6th Sunday of Easter


Acts 10:25-26, 34-35, 44-48 | 1 John 4:7-10 | John 15:9-17

Grant, almighty God, that we may celebrate with heartfelt devotion these days of joy, which we keep in honor of the risen Lord, that what we live in remembrance, we may always hold to in what we do.  Through our Lord Jesus Christ, your Son who lives and reigns with you in the unity of the Holy Spirit, one God forever and ever, amen.

THE scriptures that we just read are probably one of the most well-known passages in the New Testament, that God is love and that he demands and calls us to a way of being in the world where we do to others what he has done for us, that we love them.  Love is at the center of this Christian religion.  I think it’s fair to say that something in the form of some kind of love is at the heart of every religion, particularly when we begin to challenge our understanding of love, because sometimes we just think of love as that experience we have already had with our parents or with other people and how they’ve loved us and what that felt like and how at times it felt like a burden and obligation.  Other times it felt really good.  It’s like everyone has different experiences of love, so when you say that God is love, it’s a little dangerous, because we, first of all, think, “Then God must be like my parents,” or, “God must be like my teachers,” or, “God must be like my first wife,” or something.  It’s whatever experience we’ve had of love that, let’s say, is less than what it should be can get in the way of our understanding of what God is trying to say.

I’d like you to imagine that love is another word for truth, reality, what really is.  And it’s interesting that, when God created us and he gave us this incredible experience of life here, he gave us this thing called free will, and so we have the ability to imagine anything we want, as far as what this life is all about.  But the only thing that we don’t have is the ability to use an illusion, a half-truth to effect in us what only the truth can.  In other words, we may have certain ways of imagining the world, but those ways cannot go against our nature or the way things are, reality, truth.  So if there’s any way in which I would like you to imagine with me, any way I would like to open your eyes to see this gift of God loves us and he loves us first — and once we experience this love, then he claims very clearly that we will be empowered to do the same thing for other people.  So let’s imagine that this gift of God’s love for you is somehow inviting you to grow, to become all that you are called to be to enter into what I could call full-conscious awareness of what is real. What is really going on. To somehow know that at the heart of this life we lead, there is a core understanding that creates this mysterious thing we call peace and joy.  There’s a way to be peaceful and joyful in this world, and that peace and joy is not at all necessarily related to what’s happening to you in the world.  That gift can be given to anyone in almost every situation.  What is it?   

Well, when we look at the way God showed his love for us, he sent his Son — how about this for a confusing statement — who is God.  So he sent his Son, and he sent himself in the person of a human who is just like us, but he’s also God.  How can two things be the same things that seem so divergent at times?  But they can be.  Two things that are seemingly opposites can be one.  So this divine being comes into the world, and he wants to teach us, show us something.  So what he does is he lives the life like we live.  He experiences the world we experience, and you have to understand, that if he’s fully human, then he has the same fears, anxieties, worries that we have.  He has the same struggles.  If you don’t see Jesus as a fully human being as well as fully God, you can’t grasp what he’s really trying to teach us.  His favorite phrase of who he was is just like what Peter says in the first reading.  Peter said, “I’m just a human being.”  And Jesus would say, over and over again, when they would say, “Are you the Messiah,” he would say, “Look, what I want you to understand is I’m the Son of Man.  I’m the Son of Man.”  That just means, “I’m a human being.  I’m just like you.  I’m a human being.”  And why was that so important, other than he wanted to say, “I want you to see in me a way of being in the world that is the way we’re all meant to live”?  And he wants to show us a way to what he calls life.  “I’ve come into the world so that you can have life.  I’ve done what I’ve done and shown you what I’ve shown you so that you can have life.”  Another word is truth.  Another word is light.  Another word is love, all the same thing.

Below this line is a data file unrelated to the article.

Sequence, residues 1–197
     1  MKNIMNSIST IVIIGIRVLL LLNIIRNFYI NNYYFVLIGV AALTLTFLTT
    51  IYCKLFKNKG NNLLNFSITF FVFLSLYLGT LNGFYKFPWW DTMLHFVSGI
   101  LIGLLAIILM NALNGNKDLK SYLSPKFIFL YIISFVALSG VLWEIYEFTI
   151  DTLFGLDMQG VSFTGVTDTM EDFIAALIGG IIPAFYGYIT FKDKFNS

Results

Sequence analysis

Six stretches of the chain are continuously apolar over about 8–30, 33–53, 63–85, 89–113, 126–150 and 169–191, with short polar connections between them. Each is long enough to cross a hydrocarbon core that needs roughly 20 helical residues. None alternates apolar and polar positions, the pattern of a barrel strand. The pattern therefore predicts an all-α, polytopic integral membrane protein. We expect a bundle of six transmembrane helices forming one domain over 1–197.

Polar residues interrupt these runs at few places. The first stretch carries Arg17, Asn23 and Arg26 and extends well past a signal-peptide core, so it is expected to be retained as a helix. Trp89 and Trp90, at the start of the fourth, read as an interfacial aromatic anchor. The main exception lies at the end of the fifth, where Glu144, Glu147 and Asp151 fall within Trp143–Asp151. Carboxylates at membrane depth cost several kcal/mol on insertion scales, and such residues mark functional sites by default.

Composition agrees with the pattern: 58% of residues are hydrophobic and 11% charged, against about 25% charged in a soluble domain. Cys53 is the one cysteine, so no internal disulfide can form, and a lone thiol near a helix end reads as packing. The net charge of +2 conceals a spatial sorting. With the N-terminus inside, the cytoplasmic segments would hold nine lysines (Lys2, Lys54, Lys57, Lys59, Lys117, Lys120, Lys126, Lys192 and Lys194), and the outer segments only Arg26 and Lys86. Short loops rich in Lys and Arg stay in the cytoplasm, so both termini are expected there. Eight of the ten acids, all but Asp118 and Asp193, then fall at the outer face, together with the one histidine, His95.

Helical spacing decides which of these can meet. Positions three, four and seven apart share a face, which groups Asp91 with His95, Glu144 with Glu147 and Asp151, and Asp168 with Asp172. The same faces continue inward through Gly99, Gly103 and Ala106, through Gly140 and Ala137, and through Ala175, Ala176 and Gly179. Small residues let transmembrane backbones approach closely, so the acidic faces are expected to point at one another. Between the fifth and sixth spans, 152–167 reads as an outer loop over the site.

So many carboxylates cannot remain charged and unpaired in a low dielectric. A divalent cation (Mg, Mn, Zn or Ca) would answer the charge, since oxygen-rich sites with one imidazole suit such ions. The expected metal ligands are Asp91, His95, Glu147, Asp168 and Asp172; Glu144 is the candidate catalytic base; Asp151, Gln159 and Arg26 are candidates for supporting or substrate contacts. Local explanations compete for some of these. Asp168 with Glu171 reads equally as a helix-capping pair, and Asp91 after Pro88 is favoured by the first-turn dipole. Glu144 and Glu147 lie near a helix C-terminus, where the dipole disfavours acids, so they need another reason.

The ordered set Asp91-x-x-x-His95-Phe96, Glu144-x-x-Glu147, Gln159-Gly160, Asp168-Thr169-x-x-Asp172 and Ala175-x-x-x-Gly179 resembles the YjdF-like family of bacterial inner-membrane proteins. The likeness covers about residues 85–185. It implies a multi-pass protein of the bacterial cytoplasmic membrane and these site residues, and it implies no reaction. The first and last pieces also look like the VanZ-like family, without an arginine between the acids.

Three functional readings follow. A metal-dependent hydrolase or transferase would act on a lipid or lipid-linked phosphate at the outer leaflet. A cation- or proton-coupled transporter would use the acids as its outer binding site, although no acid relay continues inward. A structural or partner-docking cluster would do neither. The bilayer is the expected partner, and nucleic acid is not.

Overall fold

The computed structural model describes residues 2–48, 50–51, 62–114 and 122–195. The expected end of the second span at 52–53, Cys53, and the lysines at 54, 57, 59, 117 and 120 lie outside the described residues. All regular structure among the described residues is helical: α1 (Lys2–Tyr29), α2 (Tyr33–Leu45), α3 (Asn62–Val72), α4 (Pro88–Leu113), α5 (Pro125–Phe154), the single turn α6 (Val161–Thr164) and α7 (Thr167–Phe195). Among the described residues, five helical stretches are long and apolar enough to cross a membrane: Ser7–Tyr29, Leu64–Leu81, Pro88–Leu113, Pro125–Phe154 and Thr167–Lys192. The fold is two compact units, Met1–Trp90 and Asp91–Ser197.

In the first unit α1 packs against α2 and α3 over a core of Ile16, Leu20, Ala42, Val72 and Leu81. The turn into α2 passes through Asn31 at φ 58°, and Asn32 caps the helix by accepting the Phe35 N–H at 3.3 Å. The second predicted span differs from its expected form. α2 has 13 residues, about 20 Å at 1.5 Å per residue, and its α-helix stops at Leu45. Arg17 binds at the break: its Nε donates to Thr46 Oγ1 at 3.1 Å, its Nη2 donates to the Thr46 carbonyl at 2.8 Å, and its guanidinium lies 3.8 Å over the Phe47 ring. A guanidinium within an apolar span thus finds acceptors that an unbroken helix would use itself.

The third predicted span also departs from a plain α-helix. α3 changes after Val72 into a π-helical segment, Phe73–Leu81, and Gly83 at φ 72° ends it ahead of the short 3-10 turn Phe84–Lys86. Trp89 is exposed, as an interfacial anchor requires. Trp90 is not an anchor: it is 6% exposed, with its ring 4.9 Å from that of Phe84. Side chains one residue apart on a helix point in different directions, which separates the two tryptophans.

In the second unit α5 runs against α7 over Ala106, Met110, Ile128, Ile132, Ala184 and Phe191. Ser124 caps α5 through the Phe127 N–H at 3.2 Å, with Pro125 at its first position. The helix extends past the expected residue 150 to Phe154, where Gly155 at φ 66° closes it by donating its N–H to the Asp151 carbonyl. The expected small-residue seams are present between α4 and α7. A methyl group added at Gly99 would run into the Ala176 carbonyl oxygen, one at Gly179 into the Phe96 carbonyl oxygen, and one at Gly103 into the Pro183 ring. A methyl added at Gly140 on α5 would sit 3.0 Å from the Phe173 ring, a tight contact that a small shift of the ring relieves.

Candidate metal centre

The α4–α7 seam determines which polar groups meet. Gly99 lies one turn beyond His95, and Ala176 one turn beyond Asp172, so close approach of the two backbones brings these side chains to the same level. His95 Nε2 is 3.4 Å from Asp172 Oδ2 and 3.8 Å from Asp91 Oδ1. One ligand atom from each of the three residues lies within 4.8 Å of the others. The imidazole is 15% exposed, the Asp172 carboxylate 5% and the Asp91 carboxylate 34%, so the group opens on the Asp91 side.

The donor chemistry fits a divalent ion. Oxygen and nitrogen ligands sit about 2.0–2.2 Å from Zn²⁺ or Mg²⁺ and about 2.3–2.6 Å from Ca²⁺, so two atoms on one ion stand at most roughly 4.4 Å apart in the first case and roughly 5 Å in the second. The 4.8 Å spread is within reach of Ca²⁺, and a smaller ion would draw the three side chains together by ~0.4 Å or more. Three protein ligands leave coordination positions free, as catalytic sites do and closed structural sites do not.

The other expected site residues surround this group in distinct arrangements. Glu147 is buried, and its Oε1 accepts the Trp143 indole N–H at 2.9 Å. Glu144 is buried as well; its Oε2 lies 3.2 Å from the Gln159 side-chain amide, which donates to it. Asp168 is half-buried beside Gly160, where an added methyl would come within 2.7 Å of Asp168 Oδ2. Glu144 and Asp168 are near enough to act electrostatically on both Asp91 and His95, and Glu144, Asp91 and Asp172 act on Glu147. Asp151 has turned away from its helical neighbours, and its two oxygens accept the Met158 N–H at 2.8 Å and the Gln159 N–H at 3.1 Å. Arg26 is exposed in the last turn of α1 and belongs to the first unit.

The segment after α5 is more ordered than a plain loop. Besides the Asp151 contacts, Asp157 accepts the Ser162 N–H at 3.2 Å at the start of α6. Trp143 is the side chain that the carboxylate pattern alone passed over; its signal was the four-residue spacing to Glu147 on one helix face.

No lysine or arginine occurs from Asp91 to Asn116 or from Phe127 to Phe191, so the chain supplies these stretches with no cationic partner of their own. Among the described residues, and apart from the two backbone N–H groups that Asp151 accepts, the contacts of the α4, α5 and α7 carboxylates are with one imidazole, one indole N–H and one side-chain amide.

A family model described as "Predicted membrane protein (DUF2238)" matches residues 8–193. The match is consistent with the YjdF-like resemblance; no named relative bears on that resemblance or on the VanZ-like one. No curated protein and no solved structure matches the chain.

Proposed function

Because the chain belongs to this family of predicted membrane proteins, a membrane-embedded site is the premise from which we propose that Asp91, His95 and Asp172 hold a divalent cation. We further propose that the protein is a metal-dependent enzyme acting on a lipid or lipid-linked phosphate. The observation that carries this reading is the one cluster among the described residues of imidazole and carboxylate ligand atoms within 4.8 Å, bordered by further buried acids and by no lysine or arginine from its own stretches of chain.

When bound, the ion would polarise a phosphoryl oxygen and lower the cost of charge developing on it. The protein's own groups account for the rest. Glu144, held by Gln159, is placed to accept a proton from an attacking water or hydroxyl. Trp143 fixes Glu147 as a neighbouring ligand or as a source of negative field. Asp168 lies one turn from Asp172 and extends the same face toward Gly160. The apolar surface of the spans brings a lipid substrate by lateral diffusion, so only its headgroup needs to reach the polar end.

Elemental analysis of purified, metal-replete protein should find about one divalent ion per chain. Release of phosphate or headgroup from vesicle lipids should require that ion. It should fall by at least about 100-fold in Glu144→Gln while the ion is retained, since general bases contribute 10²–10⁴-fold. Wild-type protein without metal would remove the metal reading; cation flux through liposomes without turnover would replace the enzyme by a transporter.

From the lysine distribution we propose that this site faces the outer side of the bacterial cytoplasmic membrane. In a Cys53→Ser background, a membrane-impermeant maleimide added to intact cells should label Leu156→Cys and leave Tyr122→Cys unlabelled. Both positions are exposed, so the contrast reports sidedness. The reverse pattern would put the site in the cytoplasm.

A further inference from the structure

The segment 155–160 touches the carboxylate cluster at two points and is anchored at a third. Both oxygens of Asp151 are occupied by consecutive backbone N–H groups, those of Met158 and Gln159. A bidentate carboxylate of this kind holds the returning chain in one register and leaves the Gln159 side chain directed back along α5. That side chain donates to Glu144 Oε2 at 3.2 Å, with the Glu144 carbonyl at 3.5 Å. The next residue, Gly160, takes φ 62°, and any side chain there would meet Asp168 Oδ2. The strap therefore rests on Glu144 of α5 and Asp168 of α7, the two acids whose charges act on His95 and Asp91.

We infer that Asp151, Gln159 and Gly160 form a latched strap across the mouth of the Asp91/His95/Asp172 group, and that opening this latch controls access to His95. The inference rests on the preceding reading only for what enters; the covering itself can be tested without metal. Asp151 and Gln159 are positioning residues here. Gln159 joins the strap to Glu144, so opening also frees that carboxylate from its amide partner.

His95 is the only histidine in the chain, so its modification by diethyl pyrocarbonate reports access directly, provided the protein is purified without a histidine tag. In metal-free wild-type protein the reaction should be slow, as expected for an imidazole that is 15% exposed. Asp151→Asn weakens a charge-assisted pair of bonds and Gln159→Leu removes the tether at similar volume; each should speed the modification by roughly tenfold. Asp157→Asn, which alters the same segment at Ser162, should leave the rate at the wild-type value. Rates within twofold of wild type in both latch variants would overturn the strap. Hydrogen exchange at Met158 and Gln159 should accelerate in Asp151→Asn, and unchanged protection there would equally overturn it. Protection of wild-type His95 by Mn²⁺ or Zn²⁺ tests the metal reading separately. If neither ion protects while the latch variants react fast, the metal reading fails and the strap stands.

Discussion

So what is it at the heart of what Jesus did for us that is this great sign of love?  Well, he did something that is hard for us, as human beings, to do.  He took his ego, his human drive — and if he was fully human, you know that he must have wanted deeply to be successful in what he was doing.  He came into the world with a task.  The task was to open the eyes of the religious leaders of this ancient, wonderful religion of the Jewish people.  The Israelites were his favorite.  He gave all kinds of things to them, paid close attention to them, promised to be faithful to them, continued to be faithful to them, and yet the story of that community is the story of every human community.  We kept failing, failing, and failing.  So he consistently said, “I’m there for you and I’m going to do something to help you get past the limitations that you have to really grasp what I’m trying to open you to. So that when you’re existing in this world, you are finding the great gifts of life, peace, and joy.”  So what is it that Jesus does?  An amazing thing.  He basically goes into his life, and he’s seeing it unfold, and he’s longing for it to be successful.  And as he goes into it, he’s three years into a public life after 30 years of preparing for it.  He just had 12 men that he had to convince of some very simple things.  He had the most amazing signs and wonders that he would do for them.  They had to believe that he was something special.  He kept asking them to loosen their minds from their narrow categories.  He would say, “Look, if you’re going to be my disciple, you’re going to have to eat my body and drink my blood.”  Well, that made no sense to them, and then he would go on to say, “The only way I can conquer evil is I have to give myself over to evil.”  These are things that, to us, we begin to get a glimmer of what they mean, but this was so foreign to their mindset that they couldn’t grasp it.  So they were a bunch of people who were constantly doubting whether this man was real, whether he was authentic, whether he really was the Messiah.  They didn’t know where else to go, but they weren’t sure that he was the one.  And when it came down to having to stand up and support him, all of them but John just fled and entered into their fears, worries, and anxieties.